Nearly three-quarters of parents of young children are concerned about learning loss due to the pandemic, according to a new poll. (Photo courtesy Freepik)

Almost three-quarters of California parents of children up to 5 years old are worried that their child’s development and education will suffer because of the COVID-19 pandemic, according to a new poll.

The poll of 600 parents across California — conducted by The Education Trust-West, an Oakland-based nonprofit education advocacy group — found that low-income parents and parents of color were particularly impacted by changes to childcare, as each group was more likely to report that their child is attending school remotely.

“The pandemic continues to significantly disrupt the lives of families, particularly families of color and families from low-income communities,” said Elisha Smith Arrillaga, executive director of The Education Trust-West. “As they face chronic financial and food insecurities, families with young children are sacrificing quality childcare, skipping meals, and delaying the start of schooling for their children. Child care and early childhood education are not only vital for children and working families to thrive — especially Black and Latinx families — they are essential to the recovery of California’s economy.”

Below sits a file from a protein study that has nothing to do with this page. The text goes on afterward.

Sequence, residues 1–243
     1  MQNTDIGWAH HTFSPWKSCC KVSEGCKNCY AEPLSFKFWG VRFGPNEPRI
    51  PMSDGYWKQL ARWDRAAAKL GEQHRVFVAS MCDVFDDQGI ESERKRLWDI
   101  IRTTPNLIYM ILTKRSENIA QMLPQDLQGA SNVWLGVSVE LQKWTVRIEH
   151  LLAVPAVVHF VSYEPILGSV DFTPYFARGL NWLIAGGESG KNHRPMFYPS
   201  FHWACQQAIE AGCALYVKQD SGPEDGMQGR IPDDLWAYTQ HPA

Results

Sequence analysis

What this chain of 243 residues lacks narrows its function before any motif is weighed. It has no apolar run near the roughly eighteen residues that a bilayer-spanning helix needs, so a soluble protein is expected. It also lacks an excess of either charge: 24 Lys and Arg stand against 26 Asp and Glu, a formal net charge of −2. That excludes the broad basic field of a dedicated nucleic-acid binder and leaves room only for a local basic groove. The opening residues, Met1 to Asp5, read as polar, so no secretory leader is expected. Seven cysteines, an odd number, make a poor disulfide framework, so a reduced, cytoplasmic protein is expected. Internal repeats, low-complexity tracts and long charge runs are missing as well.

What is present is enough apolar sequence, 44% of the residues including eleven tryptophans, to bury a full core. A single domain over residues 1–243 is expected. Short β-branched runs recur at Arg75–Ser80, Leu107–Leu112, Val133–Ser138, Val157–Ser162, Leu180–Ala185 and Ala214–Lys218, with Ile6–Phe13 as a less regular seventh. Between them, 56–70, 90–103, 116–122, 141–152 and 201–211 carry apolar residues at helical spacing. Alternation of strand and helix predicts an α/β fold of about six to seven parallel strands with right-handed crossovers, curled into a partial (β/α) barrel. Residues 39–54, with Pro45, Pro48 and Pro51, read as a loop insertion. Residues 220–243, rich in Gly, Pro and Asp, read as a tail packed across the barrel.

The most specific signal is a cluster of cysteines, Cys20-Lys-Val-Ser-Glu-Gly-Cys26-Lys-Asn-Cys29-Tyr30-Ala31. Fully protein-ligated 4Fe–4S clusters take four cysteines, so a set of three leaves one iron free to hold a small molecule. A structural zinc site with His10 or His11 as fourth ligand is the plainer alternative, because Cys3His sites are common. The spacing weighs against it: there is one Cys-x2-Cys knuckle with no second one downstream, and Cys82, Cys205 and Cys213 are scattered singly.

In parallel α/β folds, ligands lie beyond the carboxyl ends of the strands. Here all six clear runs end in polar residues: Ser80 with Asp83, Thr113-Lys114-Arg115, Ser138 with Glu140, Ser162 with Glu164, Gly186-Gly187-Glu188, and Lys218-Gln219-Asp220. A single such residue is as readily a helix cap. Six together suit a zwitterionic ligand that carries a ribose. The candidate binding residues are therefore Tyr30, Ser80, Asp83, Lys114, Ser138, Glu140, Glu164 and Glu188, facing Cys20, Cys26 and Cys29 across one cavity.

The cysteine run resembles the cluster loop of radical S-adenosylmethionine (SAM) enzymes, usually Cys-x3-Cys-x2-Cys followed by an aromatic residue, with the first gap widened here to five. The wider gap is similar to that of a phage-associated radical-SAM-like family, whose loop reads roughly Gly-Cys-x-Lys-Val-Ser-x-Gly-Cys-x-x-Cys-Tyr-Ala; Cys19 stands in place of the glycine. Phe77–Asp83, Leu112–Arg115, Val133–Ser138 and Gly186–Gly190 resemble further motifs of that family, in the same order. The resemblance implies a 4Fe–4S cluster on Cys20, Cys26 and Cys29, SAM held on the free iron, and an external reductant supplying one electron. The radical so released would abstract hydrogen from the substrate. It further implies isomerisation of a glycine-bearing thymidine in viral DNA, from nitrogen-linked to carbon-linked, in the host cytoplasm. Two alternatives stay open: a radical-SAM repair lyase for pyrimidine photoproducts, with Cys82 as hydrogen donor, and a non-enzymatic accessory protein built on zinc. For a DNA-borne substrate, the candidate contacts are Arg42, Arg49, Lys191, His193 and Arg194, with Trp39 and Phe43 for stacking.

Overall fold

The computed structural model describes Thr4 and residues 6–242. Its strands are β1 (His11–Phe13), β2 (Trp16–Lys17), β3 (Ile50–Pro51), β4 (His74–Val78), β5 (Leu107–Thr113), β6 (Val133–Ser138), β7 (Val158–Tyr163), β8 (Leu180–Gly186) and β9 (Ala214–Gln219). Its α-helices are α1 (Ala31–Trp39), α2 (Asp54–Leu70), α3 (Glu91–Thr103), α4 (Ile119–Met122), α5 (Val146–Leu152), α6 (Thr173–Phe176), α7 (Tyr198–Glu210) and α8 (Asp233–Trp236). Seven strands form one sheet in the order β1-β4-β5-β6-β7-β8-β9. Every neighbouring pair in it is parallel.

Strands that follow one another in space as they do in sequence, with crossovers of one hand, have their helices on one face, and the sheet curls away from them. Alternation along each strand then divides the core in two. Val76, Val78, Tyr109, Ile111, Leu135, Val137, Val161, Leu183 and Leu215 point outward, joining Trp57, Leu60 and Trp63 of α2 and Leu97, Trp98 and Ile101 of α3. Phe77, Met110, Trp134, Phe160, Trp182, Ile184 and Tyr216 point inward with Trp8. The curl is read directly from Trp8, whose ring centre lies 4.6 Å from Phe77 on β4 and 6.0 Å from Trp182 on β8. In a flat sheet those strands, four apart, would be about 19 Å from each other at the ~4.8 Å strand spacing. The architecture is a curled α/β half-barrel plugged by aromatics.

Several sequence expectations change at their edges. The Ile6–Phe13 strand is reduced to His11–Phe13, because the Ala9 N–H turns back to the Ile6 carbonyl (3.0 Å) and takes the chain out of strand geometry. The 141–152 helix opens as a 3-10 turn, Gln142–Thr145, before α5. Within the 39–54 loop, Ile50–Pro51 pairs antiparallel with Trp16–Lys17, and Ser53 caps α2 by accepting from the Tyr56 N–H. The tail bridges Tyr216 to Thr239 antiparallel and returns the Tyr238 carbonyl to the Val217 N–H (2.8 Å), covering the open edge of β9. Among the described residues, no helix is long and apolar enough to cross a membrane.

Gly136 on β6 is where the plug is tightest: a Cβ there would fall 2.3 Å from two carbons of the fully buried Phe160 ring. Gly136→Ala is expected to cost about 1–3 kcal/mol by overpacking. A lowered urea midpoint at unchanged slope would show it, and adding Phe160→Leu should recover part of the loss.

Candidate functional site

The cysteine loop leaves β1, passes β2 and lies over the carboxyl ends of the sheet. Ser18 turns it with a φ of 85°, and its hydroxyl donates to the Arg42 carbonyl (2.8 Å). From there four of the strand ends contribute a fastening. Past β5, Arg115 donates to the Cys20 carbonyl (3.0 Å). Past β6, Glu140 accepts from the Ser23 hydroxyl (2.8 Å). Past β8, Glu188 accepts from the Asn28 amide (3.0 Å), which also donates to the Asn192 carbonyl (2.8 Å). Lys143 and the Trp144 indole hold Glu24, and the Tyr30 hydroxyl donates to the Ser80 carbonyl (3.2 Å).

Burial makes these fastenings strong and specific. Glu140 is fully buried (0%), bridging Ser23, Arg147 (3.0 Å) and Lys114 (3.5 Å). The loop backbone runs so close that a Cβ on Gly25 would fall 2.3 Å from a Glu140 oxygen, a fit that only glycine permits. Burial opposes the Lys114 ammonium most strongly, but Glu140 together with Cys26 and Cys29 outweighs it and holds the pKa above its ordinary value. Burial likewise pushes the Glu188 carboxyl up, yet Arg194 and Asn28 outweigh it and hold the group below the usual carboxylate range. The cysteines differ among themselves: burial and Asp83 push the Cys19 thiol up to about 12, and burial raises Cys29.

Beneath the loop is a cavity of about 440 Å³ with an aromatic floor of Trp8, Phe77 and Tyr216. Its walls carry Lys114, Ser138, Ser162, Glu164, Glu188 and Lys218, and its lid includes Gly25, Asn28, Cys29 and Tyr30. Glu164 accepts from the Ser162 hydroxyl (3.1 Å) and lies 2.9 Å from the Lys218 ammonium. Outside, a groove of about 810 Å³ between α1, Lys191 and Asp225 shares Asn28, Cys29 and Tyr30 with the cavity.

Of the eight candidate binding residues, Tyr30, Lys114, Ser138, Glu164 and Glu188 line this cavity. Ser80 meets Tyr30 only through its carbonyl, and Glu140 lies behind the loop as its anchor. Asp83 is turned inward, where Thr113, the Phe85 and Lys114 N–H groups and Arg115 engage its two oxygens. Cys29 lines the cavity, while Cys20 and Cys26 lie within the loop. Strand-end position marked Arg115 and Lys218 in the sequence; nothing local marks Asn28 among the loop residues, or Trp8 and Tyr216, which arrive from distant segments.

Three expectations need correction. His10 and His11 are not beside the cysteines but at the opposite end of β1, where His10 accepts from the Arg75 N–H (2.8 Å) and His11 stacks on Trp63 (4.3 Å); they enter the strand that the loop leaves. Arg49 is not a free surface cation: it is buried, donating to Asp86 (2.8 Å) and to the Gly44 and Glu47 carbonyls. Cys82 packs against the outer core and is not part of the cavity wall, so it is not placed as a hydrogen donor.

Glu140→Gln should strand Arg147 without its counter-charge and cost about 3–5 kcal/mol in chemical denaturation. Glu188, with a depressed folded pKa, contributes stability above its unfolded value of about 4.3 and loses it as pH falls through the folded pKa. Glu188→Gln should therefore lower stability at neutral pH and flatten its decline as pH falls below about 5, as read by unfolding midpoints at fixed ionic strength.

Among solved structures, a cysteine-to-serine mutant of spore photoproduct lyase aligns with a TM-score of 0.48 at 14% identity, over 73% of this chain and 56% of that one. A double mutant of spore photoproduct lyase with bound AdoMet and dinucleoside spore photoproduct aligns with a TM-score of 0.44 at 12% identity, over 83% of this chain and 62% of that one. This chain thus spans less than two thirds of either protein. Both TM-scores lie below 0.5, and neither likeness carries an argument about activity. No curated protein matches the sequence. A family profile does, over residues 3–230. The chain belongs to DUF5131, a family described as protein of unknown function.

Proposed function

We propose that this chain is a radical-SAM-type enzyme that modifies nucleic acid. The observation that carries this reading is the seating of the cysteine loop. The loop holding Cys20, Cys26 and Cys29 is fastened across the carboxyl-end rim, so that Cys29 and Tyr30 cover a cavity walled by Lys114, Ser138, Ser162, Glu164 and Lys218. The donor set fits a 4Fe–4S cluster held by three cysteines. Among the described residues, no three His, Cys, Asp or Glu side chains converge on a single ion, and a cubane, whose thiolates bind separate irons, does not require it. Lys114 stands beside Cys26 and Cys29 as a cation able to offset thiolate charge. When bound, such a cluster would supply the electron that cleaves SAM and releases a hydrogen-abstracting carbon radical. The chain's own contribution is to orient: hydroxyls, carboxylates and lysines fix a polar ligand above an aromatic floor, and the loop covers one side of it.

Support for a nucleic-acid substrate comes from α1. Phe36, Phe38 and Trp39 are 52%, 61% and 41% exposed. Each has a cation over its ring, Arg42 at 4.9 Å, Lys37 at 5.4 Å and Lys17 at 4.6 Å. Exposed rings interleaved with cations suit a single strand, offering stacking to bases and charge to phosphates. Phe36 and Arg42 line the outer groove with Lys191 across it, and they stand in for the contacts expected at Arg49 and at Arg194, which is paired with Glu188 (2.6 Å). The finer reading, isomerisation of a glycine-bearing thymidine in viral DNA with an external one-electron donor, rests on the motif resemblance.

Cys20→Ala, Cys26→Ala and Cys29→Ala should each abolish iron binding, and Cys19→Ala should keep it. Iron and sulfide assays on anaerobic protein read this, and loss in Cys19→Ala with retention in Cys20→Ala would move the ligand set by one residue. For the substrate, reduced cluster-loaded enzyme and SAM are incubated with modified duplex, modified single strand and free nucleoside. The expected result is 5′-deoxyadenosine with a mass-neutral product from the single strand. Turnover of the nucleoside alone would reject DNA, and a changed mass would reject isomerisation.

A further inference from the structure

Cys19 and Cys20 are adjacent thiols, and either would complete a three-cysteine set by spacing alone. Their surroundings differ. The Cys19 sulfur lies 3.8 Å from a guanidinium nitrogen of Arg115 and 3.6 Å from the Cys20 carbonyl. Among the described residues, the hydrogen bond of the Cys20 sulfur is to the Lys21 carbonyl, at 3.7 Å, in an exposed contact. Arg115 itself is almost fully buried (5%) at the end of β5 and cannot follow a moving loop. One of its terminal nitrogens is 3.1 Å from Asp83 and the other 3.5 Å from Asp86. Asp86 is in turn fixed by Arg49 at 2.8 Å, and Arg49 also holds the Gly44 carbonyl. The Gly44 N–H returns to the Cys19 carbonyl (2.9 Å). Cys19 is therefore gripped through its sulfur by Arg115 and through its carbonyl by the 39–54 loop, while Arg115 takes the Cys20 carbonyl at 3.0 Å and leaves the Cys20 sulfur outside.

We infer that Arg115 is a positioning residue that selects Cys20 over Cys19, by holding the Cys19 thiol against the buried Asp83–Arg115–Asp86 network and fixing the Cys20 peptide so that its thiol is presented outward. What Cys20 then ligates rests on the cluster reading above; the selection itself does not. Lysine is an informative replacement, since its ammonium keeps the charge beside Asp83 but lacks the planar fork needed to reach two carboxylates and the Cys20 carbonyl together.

The poll also found that 36 percent of parents surveyed said they skipped meals or their child’s meals because of the pandemic, and that 59 percent of low-income parents and 40 percent of parents of color said that they were experiencing financial insecurity.

The polled parents also faced financial barriers to childcare, with 41 percent of parents who returned their child to a care program reporting that the cost of program rose.

The Education Trust-West issued recommendations to the California government as a result of the poll, calling on state leaders to invest in a multi-billion dollar plan to improve California’s early care and education systems, and to waive family fees through the pandemic for families that receive subsidized care.

Of the parents polled, 96 percent supported more investment into public funds that would expand access to childcare.

The results of the poll can be found at